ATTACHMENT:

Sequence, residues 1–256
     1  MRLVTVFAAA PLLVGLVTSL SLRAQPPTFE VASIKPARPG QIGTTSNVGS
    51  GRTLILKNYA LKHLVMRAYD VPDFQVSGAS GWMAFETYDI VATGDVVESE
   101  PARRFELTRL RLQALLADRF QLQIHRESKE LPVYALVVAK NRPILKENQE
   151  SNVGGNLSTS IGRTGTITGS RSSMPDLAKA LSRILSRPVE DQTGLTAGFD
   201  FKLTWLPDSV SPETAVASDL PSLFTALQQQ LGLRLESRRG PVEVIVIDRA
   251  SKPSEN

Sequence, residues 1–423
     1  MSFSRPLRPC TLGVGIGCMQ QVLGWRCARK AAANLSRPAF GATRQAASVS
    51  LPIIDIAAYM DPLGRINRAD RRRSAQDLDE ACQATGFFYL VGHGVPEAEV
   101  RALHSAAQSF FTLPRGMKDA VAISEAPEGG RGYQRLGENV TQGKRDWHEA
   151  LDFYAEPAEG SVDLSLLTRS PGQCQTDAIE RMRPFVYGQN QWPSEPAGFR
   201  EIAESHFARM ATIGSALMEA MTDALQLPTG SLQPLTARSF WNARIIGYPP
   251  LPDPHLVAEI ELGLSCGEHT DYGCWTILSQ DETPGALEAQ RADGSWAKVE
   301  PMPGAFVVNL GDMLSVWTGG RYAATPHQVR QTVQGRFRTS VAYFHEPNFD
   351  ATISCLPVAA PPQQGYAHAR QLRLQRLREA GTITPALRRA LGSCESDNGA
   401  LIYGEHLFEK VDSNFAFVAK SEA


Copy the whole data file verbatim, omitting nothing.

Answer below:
Sequence, residues 1–256
     1  MRLVTVFAAA PLLVGLVTSL SLRAQPPTFE VASIKPARPG QIGTTSNVGS
    51  GRTLILKNYA LKHLVMRAYD VPDFQVSGAS GWMAFETYDI VATGDVVESE
   101  PARRFELTRL RLQALLADRF QLQIHRESKE LPVYALVVAK NRPILKENQE
   151  SNVGGNLSTS IGRTGTITGS RSSMPDLAKA LSRILSRPVE DQTGLTAGFD
   201  FKLTWLPDSV SPETAVASDL PSLFTALQQQ LGLRLESRRG PVEVIVIDRA
   251  SKPSEN

Sequence, residues 1–423
     1  MSFSRPLRPC TLGVGIGCMQ QVLGWRCARK AAANLSRPAF GATRQAASVS
    51  LPIIDIAAYM DPLGRINRAD RRRSAQDLDE ACQATGFFYL VGHGVPEAEV
   101  RALHSAAQSF FTLPRGMKDA VAISEAPEGG RGYQRLGENV TQGKRDWHEA
   151  LDFYAEPAEG SVDLSLLTRS PGQCQTDAIE RMRPFVYGQN QWPSEPAGFR
   201  EIAESHFARM ATIGSALMEA MTDALQLPTG SLQPLTARSF WNARIIGYPP
   251  LPDPHLVAEI ELGLSCGEHT DYGCWTILSQ DETPGALEAQ RADGSWAKVE
   301  PMPGAFVVNL GDMLSVWTGG RYAATPHQVR QTVQGRFRTS VAYFHEPNFD
   351  ATISCLPVAA PPQQGYAHAR QLRLQRLREA GTITPALRRA LGSCESDNGA
   401  LIYGEHLFEK VDSNFAFVAK SEA